Urban Affairs

Bed-and-breakfast regulation changes proposed

State law regulating bed-and-breakfast establishments in Nebraska would be updated under a bill considered March 14 by the Urban Affairs Committee.

Sen. Danielle Conrad
Sen. Danielle Conrad

LB546, introduced by Lincoln Sen. Danielle Conrad, would redefine a bed-and-breakfast establishment to include a single-family residence that provides breakfast and sleeping accommodations to no more than 20 guests, or ten guest rooms, at one time.

Under current state law, a bed-and-breakfast wishing to serve hot food must install a fire sprinkler system in each room of their establishment. LB546 would limit that requirement to rooms that contain only one exit. The bill also would outline appropriate safe food handling practices.

Conrad said the bill would be an important step to help small businesses expand the services they are able to offer visitors of Nebraska.

“[The bill] provides the right balance for consumer safety and a vibrant small business and tourism industry,” she said.

Todd Knobel, owner of the historic Spalding House, testified in support of the proposal. After completing renovations to the property, Knobel said, he was informed by regulatory authorities that he would not be able to serve hot meals without sprinklers in every room.

“The requirement to install a sprinkler system … was simply too burdensome to overcome,” Knobel said. “The cost to install such a system would be prohibitive for small businesses like a bed-and-breakfast — with an estimated installation cost in the high tens of thousands of dollars.”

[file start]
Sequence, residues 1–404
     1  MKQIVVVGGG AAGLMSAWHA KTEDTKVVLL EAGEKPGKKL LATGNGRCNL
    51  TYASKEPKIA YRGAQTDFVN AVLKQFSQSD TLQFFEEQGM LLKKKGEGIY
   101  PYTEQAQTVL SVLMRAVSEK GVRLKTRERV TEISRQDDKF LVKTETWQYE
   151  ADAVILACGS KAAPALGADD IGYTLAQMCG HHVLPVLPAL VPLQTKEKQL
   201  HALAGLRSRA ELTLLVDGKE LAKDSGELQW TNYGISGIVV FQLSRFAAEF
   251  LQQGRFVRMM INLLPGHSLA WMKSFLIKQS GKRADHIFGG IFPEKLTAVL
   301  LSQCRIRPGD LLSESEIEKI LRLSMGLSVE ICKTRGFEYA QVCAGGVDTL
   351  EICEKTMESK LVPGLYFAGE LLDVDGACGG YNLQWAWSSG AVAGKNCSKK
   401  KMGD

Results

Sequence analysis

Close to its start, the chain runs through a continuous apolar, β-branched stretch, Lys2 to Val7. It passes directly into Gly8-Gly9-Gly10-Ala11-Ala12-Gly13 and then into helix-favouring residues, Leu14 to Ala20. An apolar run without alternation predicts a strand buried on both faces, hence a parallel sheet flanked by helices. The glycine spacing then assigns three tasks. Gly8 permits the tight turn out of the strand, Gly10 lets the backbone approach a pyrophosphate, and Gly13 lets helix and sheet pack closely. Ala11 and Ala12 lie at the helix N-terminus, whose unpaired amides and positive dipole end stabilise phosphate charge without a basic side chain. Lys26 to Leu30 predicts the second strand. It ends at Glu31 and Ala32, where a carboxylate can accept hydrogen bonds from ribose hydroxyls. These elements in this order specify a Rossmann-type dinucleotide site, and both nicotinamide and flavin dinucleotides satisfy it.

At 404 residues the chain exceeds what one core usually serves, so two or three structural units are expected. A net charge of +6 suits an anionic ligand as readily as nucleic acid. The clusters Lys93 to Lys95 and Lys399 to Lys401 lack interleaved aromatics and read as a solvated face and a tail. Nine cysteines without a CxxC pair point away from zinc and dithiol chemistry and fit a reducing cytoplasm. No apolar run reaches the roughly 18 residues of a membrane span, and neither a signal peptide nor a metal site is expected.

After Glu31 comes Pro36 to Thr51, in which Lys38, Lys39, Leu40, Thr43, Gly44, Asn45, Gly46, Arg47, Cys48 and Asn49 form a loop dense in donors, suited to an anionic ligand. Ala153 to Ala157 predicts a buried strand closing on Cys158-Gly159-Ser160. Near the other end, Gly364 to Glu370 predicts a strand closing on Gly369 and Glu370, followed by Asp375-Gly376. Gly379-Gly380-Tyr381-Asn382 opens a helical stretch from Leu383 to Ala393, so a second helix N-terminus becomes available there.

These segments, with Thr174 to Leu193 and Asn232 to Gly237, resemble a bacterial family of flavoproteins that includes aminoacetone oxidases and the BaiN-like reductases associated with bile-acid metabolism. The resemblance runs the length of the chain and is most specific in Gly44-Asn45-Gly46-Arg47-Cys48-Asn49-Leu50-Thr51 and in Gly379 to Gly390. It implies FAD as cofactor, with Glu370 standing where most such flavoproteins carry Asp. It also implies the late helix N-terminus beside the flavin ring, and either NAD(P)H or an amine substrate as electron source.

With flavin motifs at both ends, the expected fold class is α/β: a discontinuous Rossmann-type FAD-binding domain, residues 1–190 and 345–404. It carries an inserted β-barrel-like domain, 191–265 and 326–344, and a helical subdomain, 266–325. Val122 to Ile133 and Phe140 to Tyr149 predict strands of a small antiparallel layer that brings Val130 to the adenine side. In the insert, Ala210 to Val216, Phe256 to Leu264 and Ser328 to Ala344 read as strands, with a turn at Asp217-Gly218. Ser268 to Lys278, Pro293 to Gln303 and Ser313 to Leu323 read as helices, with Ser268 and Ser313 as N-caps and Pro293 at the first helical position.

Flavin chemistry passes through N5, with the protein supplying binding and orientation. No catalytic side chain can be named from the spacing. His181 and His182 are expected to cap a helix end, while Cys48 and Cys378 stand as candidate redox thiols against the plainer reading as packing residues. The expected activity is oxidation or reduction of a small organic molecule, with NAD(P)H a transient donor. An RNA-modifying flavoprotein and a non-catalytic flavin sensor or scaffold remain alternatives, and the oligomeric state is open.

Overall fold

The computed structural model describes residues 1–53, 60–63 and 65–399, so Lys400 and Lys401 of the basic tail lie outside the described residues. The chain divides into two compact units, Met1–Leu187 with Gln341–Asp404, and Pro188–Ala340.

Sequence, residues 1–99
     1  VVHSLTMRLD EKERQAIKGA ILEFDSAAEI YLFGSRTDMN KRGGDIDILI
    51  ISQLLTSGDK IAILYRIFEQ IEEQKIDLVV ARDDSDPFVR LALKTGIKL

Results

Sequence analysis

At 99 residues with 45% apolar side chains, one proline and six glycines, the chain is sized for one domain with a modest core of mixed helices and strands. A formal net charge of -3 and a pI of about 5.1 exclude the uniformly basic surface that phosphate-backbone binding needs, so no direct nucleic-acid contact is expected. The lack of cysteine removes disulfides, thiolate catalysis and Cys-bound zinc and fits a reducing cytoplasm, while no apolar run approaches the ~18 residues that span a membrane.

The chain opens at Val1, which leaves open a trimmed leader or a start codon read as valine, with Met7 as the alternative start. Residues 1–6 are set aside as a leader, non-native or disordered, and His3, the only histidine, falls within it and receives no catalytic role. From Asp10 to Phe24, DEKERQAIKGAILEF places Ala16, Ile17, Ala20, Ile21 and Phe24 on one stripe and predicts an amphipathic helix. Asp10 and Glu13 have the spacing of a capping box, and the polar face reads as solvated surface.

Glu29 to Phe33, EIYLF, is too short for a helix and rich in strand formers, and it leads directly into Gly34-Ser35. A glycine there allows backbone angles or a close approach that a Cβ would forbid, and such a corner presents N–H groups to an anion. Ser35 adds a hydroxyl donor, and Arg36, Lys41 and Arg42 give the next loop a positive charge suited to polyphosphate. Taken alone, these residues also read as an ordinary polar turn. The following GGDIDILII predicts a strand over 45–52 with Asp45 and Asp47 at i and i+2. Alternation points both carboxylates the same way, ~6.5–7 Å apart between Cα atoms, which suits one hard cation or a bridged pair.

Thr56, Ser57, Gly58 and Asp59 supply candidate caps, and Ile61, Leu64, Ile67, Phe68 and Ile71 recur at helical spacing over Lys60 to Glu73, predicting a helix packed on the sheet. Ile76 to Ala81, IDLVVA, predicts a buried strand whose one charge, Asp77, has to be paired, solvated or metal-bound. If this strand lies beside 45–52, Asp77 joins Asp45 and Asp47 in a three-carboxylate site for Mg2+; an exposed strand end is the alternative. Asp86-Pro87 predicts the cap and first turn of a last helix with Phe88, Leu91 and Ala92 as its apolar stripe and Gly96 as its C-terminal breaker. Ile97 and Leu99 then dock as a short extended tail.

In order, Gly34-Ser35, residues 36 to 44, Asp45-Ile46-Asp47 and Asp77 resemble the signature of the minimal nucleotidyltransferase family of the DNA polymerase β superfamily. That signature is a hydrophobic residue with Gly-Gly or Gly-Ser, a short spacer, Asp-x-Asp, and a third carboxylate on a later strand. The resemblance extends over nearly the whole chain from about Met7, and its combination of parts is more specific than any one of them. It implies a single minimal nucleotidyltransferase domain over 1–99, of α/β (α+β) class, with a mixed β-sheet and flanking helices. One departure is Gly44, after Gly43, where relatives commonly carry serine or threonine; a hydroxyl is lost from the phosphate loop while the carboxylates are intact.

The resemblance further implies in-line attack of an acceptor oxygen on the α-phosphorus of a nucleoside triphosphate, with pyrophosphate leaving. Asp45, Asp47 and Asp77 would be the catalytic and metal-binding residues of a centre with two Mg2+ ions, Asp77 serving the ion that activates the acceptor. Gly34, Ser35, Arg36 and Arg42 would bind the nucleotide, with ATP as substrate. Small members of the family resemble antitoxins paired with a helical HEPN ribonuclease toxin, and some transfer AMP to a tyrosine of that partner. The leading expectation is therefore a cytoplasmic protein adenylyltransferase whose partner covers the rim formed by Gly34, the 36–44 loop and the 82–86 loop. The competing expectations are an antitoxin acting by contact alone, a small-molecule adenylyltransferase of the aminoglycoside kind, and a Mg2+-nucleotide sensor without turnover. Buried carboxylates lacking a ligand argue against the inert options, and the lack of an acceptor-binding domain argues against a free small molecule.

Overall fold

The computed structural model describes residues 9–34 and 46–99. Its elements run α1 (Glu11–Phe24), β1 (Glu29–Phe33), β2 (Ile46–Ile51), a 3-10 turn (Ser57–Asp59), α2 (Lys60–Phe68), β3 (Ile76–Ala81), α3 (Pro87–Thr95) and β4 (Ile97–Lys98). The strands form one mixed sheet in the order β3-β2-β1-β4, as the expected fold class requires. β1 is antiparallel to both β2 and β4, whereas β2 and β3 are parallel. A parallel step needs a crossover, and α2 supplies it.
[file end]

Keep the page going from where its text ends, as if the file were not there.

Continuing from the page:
State Fire Marshal Scott Cordes testified in opposition to LB546. He said Nebraska fire regulations generally conform to fire code standards established by the National Fire Protection Association, a nationally recognized leader in fire safety. The NFPA found that sprinklers reduce the rate of civilian fire deaths by 87 percent, fire related injuries by 27 percent and the risk of property loss by 70 percent, he said.

“The potential safety benefits outweigh the costs associated with installing fire sprinkler systems in a bed-and-breakfast,” Cordes said. “Public safety is a paramount concern and the state should maintain the standards set forth in NFPA code requirements.”

The committee took no immediate action on LB546.

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